Finally, orbital lesions also may cause an abducens nerve palsy.  These include neoplasm, inflammatory disease, infection, or trauma.

Epidemiology

The sixth cranial nerve is the most commonly affected ocular motor nerve in adults. In children, it is the second most common, following the fourth cranial nerve, with an incidence of 2.5 cases per 100,000. Poorly controlled diabetes mellitus is a significant risk factor for an abducens nerve palsy.[5]

Pathophysiology

The abducens nerve has the longest intracranial course of any cranial nerve. It is primarily responsible for ipsilateral eye abduction. Abducens nerve palsy results in an inability of the abducens nerve to transmit signals to the lateral rectus, resulting in an inability to abduct the eye and horizontal diplopia.  

History and Physical

Patients who develop abducens nerve palsy often present with binocular horizontal diplopia, which is a double vision when looking at objects side by side. There will be a notable weakness of the ipsilateral lateral rectus muscle leading to a deficit in of eye abduction on the affected side. Some patients may present with a constant head turning movement to maintain binocular fusion and to lessen the degree of diplopia. Other findings in the clinical history may include vision loss, headache, vomiting, trauma, hearing loss, recent lumbar puncture, and recent viral illness.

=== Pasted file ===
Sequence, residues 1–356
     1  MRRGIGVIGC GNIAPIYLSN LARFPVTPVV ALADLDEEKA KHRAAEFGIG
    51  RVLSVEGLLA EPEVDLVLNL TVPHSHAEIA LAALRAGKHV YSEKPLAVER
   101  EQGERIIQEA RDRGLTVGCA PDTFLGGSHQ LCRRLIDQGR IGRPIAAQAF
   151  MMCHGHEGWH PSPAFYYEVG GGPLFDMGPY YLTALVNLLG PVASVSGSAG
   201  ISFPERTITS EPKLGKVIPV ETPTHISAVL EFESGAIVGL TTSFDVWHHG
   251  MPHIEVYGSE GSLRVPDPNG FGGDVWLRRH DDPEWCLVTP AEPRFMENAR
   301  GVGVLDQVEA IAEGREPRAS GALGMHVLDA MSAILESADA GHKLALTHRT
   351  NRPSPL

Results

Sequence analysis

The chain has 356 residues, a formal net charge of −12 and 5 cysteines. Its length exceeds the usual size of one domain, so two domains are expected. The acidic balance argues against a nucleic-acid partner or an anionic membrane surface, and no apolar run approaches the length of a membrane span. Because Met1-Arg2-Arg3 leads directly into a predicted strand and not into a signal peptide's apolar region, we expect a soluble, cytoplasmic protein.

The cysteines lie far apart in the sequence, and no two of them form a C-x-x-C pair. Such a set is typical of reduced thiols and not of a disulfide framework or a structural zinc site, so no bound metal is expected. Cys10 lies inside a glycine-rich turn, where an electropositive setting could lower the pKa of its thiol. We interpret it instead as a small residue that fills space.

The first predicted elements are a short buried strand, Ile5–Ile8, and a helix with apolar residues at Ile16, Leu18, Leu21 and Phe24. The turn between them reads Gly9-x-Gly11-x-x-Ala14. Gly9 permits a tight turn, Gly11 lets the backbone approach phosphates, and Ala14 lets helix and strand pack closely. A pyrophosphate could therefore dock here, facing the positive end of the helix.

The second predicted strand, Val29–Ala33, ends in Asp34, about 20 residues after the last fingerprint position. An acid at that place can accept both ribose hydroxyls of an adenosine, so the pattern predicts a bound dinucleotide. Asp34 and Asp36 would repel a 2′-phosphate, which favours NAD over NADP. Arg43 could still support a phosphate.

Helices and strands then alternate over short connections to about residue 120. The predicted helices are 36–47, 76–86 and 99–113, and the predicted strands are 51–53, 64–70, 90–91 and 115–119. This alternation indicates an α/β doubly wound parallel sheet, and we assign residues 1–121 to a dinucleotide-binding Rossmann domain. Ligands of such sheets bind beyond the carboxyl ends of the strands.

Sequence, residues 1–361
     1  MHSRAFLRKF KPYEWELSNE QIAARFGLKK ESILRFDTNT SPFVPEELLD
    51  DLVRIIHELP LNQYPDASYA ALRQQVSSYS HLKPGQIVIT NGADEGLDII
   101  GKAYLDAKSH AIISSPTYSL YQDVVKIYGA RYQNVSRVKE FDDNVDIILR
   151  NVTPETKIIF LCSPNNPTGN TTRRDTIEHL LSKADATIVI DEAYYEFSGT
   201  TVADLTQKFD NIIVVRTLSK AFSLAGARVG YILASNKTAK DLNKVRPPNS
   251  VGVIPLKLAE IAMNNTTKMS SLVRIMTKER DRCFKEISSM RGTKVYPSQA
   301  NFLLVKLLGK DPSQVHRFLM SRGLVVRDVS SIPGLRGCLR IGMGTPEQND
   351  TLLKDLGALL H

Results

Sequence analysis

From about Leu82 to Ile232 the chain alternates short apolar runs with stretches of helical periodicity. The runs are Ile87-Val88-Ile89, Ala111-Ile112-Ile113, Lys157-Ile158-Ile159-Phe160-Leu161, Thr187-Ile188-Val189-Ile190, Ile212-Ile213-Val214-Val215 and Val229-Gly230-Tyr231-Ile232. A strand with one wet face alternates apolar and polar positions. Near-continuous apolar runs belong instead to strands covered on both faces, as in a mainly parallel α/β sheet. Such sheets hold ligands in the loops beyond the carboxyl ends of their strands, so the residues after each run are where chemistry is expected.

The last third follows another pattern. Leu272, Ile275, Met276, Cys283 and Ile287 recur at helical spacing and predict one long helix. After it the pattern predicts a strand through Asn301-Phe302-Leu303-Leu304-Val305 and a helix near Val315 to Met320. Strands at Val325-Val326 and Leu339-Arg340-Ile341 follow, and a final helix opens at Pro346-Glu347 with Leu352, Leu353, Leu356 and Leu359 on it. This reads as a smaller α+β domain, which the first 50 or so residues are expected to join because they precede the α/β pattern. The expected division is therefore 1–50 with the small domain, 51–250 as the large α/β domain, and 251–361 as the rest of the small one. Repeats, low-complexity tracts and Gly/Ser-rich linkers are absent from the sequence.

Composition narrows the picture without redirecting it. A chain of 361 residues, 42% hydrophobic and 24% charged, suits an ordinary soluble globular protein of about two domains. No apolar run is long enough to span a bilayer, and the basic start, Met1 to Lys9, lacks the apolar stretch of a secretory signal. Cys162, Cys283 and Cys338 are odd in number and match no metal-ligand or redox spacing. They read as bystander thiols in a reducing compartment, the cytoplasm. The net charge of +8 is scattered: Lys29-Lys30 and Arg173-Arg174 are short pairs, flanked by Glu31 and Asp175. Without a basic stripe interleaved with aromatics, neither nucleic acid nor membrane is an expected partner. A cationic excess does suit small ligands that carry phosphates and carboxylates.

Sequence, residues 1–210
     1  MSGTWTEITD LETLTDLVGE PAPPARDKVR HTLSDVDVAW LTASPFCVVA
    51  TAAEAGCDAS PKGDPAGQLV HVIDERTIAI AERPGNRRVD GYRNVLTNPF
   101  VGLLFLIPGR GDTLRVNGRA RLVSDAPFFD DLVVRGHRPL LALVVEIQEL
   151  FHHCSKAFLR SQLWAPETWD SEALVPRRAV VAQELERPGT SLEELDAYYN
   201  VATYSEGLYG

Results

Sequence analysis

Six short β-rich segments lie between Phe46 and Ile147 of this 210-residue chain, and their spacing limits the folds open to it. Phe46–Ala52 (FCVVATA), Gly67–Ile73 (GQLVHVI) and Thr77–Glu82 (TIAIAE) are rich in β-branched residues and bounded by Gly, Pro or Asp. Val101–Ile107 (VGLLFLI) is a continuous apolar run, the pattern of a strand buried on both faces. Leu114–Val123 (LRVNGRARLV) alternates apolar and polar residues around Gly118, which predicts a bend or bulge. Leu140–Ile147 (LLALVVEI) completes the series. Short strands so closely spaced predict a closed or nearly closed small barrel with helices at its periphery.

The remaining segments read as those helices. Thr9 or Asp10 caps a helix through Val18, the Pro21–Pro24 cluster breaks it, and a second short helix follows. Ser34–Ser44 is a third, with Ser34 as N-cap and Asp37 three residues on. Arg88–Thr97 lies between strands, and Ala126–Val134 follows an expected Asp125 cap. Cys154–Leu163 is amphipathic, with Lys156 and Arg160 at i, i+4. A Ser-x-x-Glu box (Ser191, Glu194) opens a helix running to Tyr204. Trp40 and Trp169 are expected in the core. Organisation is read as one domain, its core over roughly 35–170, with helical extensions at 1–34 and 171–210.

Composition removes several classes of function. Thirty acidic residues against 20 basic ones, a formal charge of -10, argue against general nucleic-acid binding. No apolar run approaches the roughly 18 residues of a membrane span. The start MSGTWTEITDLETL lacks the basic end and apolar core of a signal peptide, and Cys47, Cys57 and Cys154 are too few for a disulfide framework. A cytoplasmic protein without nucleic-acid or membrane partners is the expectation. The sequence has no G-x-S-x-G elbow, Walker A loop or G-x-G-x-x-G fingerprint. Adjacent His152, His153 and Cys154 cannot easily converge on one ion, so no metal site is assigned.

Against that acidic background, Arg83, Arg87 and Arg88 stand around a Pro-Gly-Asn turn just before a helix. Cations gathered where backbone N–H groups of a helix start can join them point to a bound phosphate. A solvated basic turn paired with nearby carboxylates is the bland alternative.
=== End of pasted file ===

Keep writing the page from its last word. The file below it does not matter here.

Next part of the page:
Evaluation

The workup for sixth cranial nerve palsy depends on what cause is suspected.  In children, an aggressive workup should be performed as there is a significantly higher risk of neoplasm as a primary cause. In the setting of abducens nerve palsy associated with trauma, neuroimaging should be performed at the time of injury. If there is a concern of elevated intracranial pressure as a cause, lumbar puncture should be performed. If the palsy is suspected to be an ischemic cause, MRI is recommended as the preferred modality because of its superior capability of imaging the posterior fossa. [7][8]

Laboratory studies include a complete blood cell count, diabetes testing, and erythrocyte sedimentation and C-reactive protein to assess for possible giant cell arteritis. Other laboratory studies to be considered include acetylcholine receptor antibodies if there is a concern for myasthenia gravis, rapid plasma reagin test, and fluorescent treponemal antibody-absorption test if there is a concern for syphilis, Lyme titer, thyroid function tests, and an antinuclear antibody test.

Treatment / Management

Treatment therapies in children include alternate patching, prism therapy, strabismus surgery, and botulism toxin. Alternate patching consists of patching each alternating eye for a few hours each day. This is used to prevent amblyopia in the affected eye. Prism therapy requires placement of a temporary press-on prism on the lens of the affected eye. If a child fails prism therapy, he or she would be eligible for strabismus surgery. Botulism can be injected into the medial rectus of the affected eye to prevent contracture and nasal deviation.[9][10][11]